Wilder Mann by Charles Fréger

My friend Jeff (a talented photographer in his own right) alerted me to to this incredible series of European mythological monsters brought to life by artist Charles Fréger. The child in me rejoices and recoils, remembering Serbian stories I was told as a kid of ‘bauk’ and ‘babaroga’. I could study these for hours, and have ordered his book to make this possible, I suggest you do the same. I’ll post more about this when the book arrives, but in the meantime:

“I was going on an excursion within tribal Europe, the polar opposite of our images of modern civilisations. I was entering into a territory of landscapes as far as the eye can see. Wilder Mann was its archetypal hero, half man half beast, a hairy monster, a multi-faceted devil, a bloodthirsty or soft teddy bear, a fertile caprine or a scapegoat wild boar.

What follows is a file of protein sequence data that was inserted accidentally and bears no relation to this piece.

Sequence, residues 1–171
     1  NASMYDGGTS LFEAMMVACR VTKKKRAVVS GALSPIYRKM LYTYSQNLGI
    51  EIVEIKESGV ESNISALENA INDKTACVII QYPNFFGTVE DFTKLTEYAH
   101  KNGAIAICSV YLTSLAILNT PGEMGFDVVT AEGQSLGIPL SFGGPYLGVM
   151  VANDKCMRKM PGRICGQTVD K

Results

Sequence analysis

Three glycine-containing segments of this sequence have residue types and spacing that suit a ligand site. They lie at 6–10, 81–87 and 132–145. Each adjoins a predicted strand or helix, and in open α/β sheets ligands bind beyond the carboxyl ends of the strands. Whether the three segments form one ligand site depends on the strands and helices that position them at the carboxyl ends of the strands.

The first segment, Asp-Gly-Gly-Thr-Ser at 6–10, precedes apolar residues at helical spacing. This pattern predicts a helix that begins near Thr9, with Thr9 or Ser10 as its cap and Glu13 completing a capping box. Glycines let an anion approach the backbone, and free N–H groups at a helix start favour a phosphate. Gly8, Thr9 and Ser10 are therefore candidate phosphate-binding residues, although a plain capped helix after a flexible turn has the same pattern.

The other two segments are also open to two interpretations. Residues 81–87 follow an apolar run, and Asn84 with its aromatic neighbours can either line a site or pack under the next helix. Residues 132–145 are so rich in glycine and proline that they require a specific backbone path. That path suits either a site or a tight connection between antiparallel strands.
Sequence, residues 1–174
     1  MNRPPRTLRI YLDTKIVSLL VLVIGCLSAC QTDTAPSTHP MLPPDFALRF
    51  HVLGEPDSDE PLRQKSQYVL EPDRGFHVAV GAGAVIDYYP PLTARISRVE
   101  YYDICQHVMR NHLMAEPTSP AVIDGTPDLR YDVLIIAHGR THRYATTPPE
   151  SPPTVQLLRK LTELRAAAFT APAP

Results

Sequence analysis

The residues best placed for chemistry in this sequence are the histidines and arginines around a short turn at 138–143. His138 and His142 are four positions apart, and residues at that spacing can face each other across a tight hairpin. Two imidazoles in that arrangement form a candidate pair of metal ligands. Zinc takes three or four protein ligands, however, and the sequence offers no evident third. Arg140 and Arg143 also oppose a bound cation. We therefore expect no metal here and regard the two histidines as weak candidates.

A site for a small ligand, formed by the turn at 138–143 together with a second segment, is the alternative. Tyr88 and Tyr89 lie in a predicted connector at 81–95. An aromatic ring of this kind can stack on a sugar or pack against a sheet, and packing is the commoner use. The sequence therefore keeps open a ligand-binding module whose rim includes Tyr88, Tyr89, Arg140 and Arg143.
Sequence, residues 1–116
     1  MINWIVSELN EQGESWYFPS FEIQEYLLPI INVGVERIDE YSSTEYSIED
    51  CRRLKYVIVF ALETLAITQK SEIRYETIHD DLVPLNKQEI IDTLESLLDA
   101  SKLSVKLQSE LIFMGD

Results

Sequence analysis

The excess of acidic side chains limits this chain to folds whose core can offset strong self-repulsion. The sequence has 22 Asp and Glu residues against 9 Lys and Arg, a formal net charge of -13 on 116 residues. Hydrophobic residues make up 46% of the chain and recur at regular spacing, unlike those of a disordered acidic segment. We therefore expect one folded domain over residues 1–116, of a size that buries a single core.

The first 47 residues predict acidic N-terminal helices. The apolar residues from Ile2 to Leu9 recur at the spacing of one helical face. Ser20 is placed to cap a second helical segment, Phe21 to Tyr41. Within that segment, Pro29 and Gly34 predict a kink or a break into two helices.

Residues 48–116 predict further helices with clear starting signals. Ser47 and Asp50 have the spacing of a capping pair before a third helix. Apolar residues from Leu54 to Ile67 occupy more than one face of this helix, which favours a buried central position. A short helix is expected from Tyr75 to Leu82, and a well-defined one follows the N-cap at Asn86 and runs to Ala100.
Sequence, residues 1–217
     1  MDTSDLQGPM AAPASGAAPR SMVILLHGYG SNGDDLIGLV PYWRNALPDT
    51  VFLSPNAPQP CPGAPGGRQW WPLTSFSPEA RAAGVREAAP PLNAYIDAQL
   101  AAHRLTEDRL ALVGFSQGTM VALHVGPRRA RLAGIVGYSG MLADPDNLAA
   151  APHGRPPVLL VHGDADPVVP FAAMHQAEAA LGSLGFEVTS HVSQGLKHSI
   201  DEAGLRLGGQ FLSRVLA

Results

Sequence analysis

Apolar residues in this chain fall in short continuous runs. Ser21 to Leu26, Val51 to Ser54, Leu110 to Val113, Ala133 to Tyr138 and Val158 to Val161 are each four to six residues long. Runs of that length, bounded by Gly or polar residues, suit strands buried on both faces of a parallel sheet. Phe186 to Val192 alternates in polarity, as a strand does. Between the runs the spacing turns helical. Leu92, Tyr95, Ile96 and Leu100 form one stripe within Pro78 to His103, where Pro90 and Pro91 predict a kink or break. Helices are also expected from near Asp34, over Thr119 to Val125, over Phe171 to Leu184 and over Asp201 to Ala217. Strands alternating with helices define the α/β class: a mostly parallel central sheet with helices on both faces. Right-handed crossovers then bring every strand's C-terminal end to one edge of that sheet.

I had envisioned an organic wild man, hidden behind mud, grease, charcoal, the sculpted wood of his horned mask, covered in leaves or dead animals, wearing his bells noisily. I had already fantasised that he was like an animal belonging to a pack of crouching bipeds: the essential model of a zoomorphic figure, whose rudimentary appearance and ritualistic attire would classify him as belonging to a form of universal nudity”. —Charles Fréger

And here you can listen to composer Teho Teardo’s musical tribute based on this project.

Tweet about this on TwitterShare on FacebookPin on PinterestBuffer this pageEmail this to someone
UnaWilder Mann by Charles Fréger

What do you think?